Fatalities during the U.S.-led war in Iraq far surpass any other documented war-time death toll for the press.
The following is a CPJ blog post:
By Frank Smyth/CPJ Senior Adviser for Journalist Security
The U.S.-led war in Iraq claimed the lives of a record number of journalists and challenged some commonly held perceptions about the risks of covering conflict. Far more journalists, for example, were murdered in targeted killings in Iraq than died in combat-related circumstances. Here, on the 10th anniversary of the start of the war, is a look inside the data collected by CPJ.
At least 150 journalists and 54 media support workers were killed in Iraq from the U.S.-led invasion in March 2003 to the declared end of the war in December 2011, according to CPJ research.
Fatalities in Iraq far surpass any other documented war-time death toll for the press. CPJ, founded in 1981, recorded the deaths of 58 journalists during the Algerian civil war from 1993 through 1996, another 54 fatalities in the undeclared civil conflict in Colombia, which began in 1986; and 36 deaths in the conflict in the Balkans from 1991 to 1995.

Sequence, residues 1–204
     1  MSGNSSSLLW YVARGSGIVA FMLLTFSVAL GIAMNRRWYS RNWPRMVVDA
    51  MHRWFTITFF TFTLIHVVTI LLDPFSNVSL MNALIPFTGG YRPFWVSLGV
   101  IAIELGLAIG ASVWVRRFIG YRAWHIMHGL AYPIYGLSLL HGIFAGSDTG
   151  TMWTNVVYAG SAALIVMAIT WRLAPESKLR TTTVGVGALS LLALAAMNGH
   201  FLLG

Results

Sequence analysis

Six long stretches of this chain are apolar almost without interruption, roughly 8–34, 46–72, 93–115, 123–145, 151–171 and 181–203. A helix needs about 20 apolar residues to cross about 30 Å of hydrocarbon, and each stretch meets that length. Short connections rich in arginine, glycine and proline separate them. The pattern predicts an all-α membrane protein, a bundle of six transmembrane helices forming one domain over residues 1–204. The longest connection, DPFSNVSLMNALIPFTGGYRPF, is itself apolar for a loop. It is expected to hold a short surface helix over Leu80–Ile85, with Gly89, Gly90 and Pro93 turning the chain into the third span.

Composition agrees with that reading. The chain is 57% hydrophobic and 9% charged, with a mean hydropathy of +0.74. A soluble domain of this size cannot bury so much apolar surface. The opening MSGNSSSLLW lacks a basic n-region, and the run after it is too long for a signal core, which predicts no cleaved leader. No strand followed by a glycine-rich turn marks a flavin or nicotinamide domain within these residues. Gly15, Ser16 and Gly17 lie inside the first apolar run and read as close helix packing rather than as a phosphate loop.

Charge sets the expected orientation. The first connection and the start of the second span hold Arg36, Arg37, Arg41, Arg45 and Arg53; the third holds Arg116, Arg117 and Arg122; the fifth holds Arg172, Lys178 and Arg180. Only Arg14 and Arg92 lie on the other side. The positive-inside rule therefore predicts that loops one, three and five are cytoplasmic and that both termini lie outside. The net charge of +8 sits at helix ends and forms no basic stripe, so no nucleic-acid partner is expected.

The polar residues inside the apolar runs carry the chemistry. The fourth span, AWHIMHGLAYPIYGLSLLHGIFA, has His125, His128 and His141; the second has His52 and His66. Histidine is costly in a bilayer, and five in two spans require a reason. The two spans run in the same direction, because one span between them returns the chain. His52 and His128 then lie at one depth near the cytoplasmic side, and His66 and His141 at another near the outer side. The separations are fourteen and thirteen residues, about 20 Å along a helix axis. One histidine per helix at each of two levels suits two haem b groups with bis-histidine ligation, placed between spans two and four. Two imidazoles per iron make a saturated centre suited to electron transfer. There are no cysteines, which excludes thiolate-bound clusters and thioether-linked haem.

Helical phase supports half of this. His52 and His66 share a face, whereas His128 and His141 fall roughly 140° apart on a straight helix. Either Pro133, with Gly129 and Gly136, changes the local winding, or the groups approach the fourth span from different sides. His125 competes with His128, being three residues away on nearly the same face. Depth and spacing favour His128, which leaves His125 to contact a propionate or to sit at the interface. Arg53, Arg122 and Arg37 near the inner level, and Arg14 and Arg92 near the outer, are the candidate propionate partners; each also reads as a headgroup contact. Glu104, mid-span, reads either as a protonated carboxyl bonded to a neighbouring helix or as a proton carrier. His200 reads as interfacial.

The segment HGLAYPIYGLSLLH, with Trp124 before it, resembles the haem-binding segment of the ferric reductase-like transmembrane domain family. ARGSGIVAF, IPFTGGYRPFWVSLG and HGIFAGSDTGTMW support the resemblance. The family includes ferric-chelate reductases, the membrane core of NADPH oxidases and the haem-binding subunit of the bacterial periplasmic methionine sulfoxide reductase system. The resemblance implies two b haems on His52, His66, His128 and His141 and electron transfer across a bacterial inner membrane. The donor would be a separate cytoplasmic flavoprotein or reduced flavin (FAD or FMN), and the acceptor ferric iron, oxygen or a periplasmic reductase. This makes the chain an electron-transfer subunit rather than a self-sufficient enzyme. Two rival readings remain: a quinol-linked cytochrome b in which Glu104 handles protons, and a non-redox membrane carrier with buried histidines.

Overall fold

Freedom Forum, a nonpartisan foundation dedicated to free press, has compiled lists of journalists killed in conflicts prior to 1981. The organization lists 89 journalists killed in the Central American conflicts from 1979 to 1989; a total of 98 killed in the Argentine conflict from 1976-1983; another 68 killed in World War II; and 66 killed in Vietnam from 1955 to 1975.
More recently, CPJ has documented the deaths of 35 journalists covering the Syrian civil war, a toll that includes a reporter who died across the border in Lebanon, and a journalist injured in Syria who later died in Turkey. The war in Afghanistan has taken the lives of 21 journalists from its beginning in 2001 until today.
In Syria, and to a lesser extent Afghanistan, combat-related crossfire has accounted for a large proportion of deaths. But in Iraq, at least 92 journalists, or nearly two out of every three killed, did not die in airstrikes, checkpoint shootings, suicide bombings, sniper fire, or the detonation of improvised explosive devices. They were instead murdered in targeted assassinations in direct reprisal for their reporting. Many were targeted because of their affiliations with U.S. or Western news organizations, or their connections to news outlets seen as having sectarian connections.
Iraq’s impunity rate–or the degree to which perpetrators have escaped prosecution for murdering the journalists–is the worst in the world. It is 100 percent. Even today, as Iraq has moved beyond conflict, authorities have shown no interest in investigating these murders.